Feed efficiency data plays an important part in genetic research

BY : MICHAEL J. THOMAS

 

Data collected from feed efficiency trials continues to play a large role in research aimed to improve the cattle industry.  Discoveries, based on these trials, have made positive differences in all aspects of the industry: from the cow/calf operator to the feedlot.

Dr. John Hall, superintendent of the Nancy M. Cummins Research Extension Education Center (REEC) said, “We’ve done a variety of feed efficiency related research using the GrowSafe™ system over the years.”

Dr. Hall explained that they have run feed efficiency trials on Wagu bulls and heifers for agri-beef companies in the past, and have been working with the American Simmental Association’s carcass merit system for the past four years.

The Nancy M. Cummins REEC uses Simmental bulls on their cows. They do feed intake studies on all of the steers, before they go to the feedlot, and then share that information with the American Simmental Association. This information is then input into the large body of data used to generate EPD’s for the American Simmental Association.

Another ongoing trial involves the center’s heifer calves. All of the heifers go through feed efficiency testing.

Dr. Hall said, “We are keeping track of the lifetime performance of those heifers, as it relates to feed efficiency, as well as the reproduction efficiency of those heifers as productive cows – a combined study.”

The Nancy M. Cummins REEC has collected about five years feed efficiency data on these heifers. This will be an ongoing and long term study following these heifers through their lives as productive cows.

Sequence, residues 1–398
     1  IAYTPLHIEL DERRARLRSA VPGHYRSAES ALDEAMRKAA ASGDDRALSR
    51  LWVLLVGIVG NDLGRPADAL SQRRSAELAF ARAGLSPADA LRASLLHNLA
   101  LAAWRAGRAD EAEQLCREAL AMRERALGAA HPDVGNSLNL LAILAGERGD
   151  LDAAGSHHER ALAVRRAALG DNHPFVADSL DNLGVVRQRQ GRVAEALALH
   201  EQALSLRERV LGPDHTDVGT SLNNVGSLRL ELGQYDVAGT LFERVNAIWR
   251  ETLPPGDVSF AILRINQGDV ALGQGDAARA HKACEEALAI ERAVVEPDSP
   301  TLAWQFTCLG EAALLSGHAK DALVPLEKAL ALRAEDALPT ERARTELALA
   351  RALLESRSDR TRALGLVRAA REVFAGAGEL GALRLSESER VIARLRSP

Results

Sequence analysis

Dr. Hall said, “Some of the work we have done on the reproduction side is showing a slight advantage to the inefficient heifers in terms of reproductive performance. At this point we can’t say that the inefficient heifers are negatively affected in terms of reproduction. I don’t think we can make that  statement. We have seen some trends that the inefficient heifers are heifers that reach puberty a little earlier. They don’t  necessarily have a better or worse pregnancy rate. That’s kind of an interesting aspect of the research. We are continuing this research, because at this point we don’t have the answer one way or the other.”

The data collected to this point of the trial, while limited, suggests that the inefficient heifers reach puberty earlier, or cycle earlier than the efficient heifers. “If we think about that from a biological perspective, the efficient heifers are probably partitioning more of the nutrients toward growth, where the inefficient heifers have more of their nutrients available for reproduction,” said Dr. Hall.

All of the heifers in the trials have been estrus synchronized and artificially inseminated. To date the trials have not shown a difference in conception rates, short or long term, but more testing will be required to determine if this is affected by synchronizing and AI-ing the animals.

A relatively new facet of the trials involves following these cows through their productive lives on different pasture environments. The recent acquisition of the Rock Creek Ranch, near Hailey, Idaho, allows the Nancy M. Cummins REEC to
split the herd and run half of the mother cows in a more traditional Idaho range environment, while the other half remains at the center on irrigated pasture.

Using feed efficiency information that was gathered on the heifers at the Nancy M. Cummins REEC, Dr. Jim Sprinkle has been running a trial to find out if the first-calf heifers and young cows that are efficient use the range differently than young heifers and cows that are inefficient. This involves using GPS collars on the heifers and young cows to see how those animals utilize the range.

Dr. Hall said, “Looking at lifetime productivity is going to take us awhile. We have efficiency testing that was done when they were heifers, and now they are four and five year old cows. It’s going to take us  awhile to look at the longevity side of things, unless there is something that is really dramatic.”

As cow/calf operators have come to trust and rely on other genetically predictable traits, the ability to predict the fertility and longevity of a mother cow will be very important to cow/calf producers. Many of us in the industry will be curious to follow the results of the trials on the Nancy M. Cummins REEC mother cows.

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